Another hit piece on Keynesianism. I don't know what he wants-its not like all the leading New Keynesians from Krugman to Delong to Yglesias to Christina Romer haven't been pretty supportive all getting behind hs main issue, NGDP targeting at the Fed.
Yet here is another missive. http://www.themoneyillusion.com/
What bee is up his bonnet? Today he takes issue with a recent post by Siren Wren-Lewis over at mainly macro http://mainlymacro.blogspot.com/2012/01/mistakes-and-ideology-in-macroeconomics.html?showComment=1326298995418#c5057264706304806600
Here is the offending passage out of Wren-Lewis
. "Imagine a Nobel Prize winner in physics, who in public debate makes elementary errors that would embarrass a good undergraduate. Now imagine other academic colleagues, from one of the best faculties in the world, making the same errors. It could not happen. However that is exactly what has happened in macro over the last few years. Where is my evidence for such an outlandish claim? Well here is Nobel prize winner Robert Lucas:
“But, if we do build the bridge by taking tax money away from somebody else, and using that to pay the bridge builder — the guys who work on the bridge — then it’s just a wash. It has no first-starter effect. There’s no reason to expect any stimulation. And, in some sense, there’s nothing to apply a multiplier to. (Laughs.) You apply a multiplier to the bridge builders, then you’ve got to apply the same multiplier with a minus sign to the people you taxed to build the bridge.”
To this Sumner fires back with this snarky rejoinder,
"I’m not sure if Wren-Lewis knows this, but Nobel Prizes are frequently awarded to people who don’t believe the Keynesian model (Lucas, Prescott, Friedman, Hayek, etc.) So if this is the right analogy, then Wren-Lewis (and Krugman?) is suggesting that the academy in Sweden is continually awarding Nobel Prizes for the economic equivalent of alchemy. In that case the Nobel Prize is a joke, and Wren-Lewis was wrong to use it as an indicator of academic prestige."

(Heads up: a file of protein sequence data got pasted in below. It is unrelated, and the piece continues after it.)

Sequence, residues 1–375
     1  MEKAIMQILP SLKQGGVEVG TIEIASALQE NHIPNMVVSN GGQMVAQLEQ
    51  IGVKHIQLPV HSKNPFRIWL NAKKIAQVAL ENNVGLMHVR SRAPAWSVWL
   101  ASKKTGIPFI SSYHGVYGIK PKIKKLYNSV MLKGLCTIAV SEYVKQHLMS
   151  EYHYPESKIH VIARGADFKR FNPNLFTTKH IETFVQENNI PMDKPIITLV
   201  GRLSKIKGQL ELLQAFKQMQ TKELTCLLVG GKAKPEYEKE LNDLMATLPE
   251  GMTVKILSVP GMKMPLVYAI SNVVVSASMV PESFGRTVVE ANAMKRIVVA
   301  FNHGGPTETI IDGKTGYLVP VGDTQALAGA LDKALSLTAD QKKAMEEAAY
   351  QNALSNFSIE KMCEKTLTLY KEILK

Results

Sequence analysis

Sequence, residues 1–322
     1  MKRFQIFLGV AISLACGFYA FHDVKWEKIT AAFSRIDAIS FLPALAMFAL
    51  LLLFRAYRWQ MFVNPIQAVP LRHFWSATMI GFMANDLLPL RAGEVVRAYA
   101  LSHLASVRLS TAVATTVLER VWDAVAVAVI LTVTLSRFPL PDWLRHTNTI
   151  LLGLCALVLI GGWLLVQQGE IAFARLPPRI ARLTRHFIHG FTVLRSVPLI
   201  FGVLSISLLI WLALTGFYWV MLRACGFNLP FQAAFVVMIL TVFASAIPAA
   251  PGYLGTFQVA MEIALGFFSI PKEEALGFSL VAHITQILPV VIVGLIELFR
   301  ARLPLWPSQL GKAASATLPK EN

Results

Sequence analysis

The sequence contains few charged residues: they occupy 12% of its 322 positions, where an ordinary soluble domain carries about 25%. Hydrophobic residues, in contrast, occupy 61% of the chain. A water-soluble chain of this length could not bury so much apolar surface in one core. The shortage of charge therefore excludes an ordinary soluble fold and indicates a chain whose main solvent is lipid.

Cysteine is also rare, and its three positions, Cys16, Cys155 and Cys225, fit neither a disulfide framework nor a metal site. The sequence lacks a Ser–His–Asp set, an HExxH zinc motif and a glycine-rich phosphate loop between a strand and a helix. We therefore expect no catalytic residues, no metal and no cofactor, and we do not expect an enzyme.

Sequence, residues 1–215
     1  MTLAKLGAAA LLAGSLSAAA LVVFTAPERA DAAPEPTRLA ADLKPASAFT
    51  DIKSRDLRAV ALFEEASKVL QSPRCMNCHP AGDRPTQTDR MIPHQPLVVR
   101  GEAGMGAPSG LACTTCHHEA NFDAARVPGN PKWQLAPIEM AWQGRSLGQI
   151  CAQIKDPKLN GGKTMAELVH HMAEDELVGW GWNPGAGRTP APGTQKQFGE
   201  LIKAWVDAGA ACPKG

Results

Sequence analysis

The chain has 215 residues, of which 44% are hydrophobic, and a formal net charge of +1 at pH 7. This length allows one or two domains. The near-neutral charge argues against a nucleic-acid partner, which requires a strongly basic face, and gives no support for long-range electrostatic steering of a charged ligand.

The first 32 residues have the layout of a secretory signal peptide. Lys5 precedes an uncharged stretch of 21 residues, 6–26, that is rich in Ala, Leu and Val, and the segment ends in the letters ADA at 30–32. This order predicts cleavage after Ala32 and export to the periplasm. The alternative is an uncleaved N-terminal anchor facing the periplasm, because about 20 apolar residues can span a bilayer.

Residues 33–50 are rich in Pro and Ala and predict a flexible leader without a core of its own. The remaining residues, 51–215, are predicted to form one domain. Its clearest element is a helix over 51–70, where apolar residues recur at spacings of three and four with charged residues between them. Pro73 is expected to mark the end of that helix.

This is a characteristic response out of Sumner which is why I tend to be pretty careful when reading his arguments. While his posts are interesting he has an agenda and he is not above using cheap and underhanded methods to achieve it. To argue essentially that Lucas has a Nobel Prize so that one has two choices-either admit the Nobel Prize is a joke or that Lucas' every argument is worthy of the highest respect. Like Sumner often does, he gives us a false choice.
By the way I find it misting that he mentioned Hayek as an example of a Nobel Prize winner-he certainly didn't win any Nobel Prizes as a macroeconomist-even Friedman and company wouldn't allow him near the economics department at Chicago.
Sumner like all the freshwater economists are very sensitive to the slightest criticism of their views by Keynesians. Yet it's Sumner for example who is on record recently in saying that Keynesianism is "mind numbingly stupid" that he finds it "wholly illogical" and that he "hates Keynesian talk."
While I agree that one can't judge the quality of an economist simply by whether he agrees with Keynesianism or not I do think it's fair to argue that anyone that wants to criticize Keynesianism need to at least understand Keynesianism which Sumner seems not to.
He also declares that Lucas taught him Keynesianism which shows the problem right there. It must have been hard to grasp with all that giggling.
One issue of Sumner I really take issue with is his definition of savings which to me seems very inadequate.
" the part of income not “spent” is saved, which means it’s spent on investment projects. Remember that S=I, indeed saving is defined as the resources put into investment projects. So the tax on consumers will reduce their ability to save and invest."
That is certainly not the Keynsian definition of savings which might shows why Sumner finds it so "mindnumbing." It's not that Keynsianism is mindnumbing but that Sumner's mind coming in is numb from a misguided definition of savings like that. He is not confused by Keynesianism, he comes into Keynesian arguments confused.
UPDATE: Sumner just answered my questioning his definition of savings in the comment threat with this answer:
" S=I is not a theory, it’s an identity. As far as I know it’s assumed true in every single macro textbook."
See this is what I mean by misleading answers. Here is what I answer him with:
"S=I is an identity in the way in accounting that debits=credits. This doesn’t mean that debits and credits are the same thing or that savings and investments are."
"Savings is one thing, investment is another. If I own a company and invest in new equipment or hire workers that is an investment. If I leave it in retained earnings that is saving not investment. An accounting identity is not to say they are identical in a nonaccounting way"
"In accounting debits=credits + owner’s equity. But debits, credits, and owner’s equity are distinct things."
What else do you need to question his good faith?